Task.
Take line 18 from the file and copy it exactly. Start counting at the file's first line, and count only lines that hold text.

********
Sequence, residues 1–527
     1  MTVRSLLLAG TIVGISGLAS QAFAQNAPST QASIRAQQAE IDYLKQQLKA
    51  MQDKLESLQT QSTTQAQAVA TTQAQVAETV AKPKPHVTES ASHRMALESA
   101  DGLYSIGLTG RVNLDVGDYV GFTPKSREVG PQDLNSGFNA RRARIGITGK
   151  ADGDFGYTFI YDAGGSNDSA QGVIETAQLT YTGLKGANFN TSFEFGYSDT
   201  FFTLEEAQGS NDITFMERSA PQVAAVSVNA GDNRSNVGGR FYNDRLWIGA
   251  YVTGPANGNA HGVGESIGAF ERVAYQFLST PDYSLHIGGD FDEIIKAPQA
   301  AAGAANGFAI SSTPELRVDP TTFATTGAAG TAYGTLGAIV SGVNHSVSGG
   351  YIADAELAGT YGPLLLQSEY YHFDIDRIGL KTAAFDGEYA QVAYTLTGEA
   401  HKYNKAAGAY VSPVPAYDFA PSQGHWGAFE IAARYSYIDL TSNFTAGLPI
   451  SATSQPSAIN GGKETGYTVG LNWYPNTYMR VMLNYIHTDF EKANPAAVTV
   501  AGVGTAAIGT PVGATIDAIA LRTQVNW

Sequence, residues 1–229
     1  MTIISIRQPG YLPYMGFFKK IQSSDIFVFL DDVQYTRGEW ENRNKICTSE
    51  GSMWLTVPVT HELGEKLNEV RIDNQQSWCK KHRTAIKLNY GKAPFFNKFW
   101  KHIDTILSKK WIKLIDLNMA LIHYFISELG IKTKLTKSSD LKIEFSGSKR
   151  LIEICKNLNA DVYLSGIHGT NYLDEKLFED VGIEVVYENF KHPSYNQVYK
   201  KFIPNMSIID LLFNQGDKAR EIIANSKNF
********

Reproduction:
   201  KFIPNMSIID LLFNQGDKAR EIIANSKNF